How to Avoid Unwanted Backlight
Backlight can look very nice. It can create a halo around a person and helps make a 2D image appear three dimensional and layered. However, there are times when the backlight is too intense or it could be causing interference. Here are some tips to help you avoid unwanted backlight.
Too Much Spill
You want the light to just hit the back of the model, but the beam is much wider than that. Back light is supposed to be subtle, but instead there is a ton of light spilling out of that direction making it look like another source, and maybe even creating double shadows. You want to use another, smaller light, but you don't have it. Here's how you can get around it.
- Flag It: Shape and cut the unwanted spill by setting flags around your light. Flags are made out of heavy duty black cloth that is sewed onto frames. You'll need c stands to attach the flags in place. You may have to use four flags to cut the sides and the top and bottom of the light.
- Snoots: A snoot is a specially made accessory that slides in front of the light. It has a small hole in the middle with a long tube. It will make a light's bean narrower and more spotty. Snoots are custom fitted for the lights they belong to.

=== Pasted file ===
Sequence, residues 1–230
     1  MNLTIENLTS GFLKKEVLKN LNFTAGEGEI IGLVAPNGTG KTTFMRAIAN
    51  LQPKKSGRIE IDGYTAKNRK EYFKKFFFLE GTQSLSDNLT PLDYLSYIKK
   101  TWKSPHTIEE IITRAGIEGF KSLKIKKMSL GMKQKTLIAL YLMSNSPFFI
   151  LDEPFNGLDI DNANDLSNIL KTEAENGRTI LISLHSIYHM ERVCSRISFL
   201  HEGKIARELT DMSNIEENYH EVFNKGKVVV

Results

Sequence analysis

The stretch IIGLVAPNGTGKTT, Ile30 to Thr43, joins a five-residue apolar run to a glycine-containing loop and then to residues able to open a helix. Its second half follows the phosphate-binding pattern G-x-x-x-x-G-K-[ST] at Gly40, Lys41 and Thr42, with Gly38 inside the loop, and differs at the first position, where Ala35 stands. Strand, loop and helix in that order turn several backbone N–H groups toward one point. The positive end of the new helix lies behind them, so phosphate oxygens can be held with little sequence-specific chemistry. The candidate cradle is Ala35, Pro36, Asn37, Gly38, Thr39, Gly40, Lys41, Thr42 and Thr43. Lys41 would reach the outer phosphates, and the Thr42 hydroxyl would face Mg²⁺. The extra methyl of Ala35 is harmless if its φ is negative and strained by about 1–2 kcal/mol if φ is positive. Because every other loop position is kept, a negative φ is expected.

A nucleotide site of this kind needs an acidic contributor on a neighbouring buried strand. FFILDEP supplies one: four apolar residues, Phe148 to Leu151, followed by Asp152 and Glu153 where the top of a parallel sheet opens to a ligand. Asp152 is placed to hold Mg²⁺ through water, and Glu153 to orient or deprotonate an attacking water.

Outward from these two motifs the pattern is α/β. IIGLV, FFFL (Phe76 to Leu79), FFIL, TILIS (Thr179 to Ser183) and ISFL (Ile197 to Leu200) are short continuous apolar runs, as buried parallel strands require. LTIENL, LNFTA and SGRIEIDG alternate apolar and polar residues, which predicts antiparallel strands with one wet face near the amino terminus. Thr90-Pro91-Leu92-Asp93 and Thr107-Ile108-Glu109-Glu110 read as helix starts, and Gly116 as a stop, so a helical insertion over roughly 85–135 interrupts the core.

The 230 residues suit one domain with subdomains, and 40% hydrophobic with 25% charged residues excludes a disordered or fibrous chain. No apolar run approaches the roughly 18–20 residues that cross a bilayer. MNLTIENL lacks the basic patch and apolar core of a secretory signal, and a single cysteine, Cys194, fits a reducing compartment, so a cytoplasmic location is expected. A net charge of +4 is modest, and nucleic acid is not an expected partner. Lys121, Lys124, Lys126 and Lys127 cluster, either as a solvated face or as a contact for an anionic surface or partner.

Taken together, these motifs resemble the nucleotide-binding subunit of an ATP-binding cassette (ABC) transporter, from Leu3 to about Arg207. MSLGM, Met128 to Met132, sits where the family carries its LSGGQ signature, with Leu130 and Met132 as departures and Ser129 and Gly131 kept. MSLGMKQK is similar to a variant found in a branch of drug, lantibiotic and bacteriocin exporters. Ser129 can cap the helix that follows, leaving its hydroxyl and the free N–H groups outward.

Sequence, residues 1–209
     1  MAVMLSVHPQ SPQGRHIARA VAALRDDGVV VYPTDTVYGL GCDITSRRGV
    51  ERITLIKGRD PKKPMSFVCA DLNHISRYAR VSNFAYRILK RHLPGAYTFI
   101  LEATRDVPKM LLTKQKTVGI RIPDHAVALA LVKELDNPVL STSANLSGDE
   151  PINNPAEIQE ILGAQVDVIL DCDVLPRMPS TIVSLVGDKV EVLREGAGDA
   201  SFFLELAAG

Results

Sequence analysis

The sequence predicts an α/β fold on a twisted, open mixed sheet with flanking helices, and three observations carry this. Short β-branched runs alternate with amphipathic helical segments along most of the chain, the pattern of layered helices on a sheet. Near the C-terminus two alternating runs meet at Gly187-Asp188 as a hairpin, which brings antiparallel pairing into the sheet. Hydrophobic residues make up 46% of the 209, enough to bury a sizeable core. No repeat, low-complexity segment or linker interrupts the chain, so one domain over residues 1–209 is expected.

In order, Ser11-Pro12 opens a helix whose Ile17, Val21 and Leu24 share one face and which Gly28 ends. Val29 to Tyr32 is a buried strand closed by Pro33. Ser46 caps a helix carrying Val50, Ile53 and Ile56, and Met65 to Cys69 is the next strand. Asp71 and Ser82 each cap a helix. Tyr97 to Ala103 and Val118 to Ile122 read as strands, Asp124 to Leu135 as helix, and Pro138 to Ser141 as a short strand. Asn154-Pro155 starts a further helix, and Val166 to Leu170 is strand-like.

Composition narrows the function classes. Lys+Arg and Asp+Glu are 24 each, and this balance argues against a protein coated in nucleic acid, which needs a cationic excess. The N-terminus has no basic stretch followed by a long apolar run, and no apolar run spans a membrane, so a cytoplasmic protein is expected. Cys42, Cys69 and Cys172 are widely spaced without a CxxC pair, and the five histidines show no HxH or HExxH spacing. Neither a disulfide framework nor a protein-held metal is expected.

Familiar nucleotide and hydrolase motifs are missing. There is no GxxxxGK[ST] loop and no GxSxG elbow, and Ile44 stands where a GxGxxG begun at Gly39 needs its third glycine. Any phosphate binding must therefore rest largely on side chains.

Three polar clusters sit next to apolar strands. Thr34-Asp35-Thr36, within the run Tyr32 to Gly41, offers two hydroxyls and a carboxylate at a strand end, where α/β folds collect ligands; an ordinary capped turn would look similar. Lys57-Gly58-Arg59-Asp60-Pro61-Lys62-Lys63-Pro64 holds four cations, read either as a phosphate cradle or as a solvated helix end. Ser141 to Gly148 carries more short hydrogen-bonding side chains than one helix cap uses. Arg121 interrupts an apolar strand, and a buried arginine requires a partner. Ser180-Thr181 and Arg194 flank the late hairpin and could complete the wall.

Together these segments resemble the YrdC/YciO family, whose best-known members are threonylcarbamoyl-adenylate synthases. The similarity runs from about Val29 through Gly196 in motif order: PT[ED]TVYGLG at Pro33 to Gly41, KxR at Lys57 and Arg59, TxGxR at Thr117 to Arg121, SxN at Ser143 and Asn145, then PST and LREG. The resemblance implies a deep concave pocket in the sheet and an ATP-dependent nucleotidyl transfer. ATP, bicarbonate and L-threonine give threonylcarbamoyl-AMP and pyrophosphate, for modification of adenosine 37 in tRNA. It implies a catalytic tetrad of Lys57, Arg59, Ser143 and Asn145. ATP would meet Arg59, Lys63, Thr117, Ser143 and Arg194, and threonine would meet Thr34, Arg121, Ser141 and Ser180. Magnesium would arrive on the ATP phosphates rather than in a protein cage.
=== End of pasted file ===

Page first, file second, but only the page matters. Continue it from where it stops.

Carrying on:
- Black Wrap: You should always have black wrap with you when you shoot. A roll costs about thirty bucks and is very useful. Black wrap is black aluminum foil that can be easily shaped to help you cut light. If you don't have a snoot, flags or time, you can quickly make a snoot out of black wrap.
Lens Flare occurs when a light is shinning directly into your camera's lens. Usually the culprit is your backlight. To kill the lens fare without altering your backlight, you need to set a lenser. A lenser is a flag that gets positioned out of frame between the light and the camera. You know the lenser is in place when you see that bright light over the lens turn dark.
Maybe you're in a studio and the backlight is up in the air over the subject. If your subject needs to move, you may find the light to be too intense when they get close to it. There are half scrims that you can drop into the light. One half of the scrim is covered with steel net to take down the intensity, while the other half is open so light can pass through unobstructed. This way your exposure stays even and you can keep shooting without stopping to relight.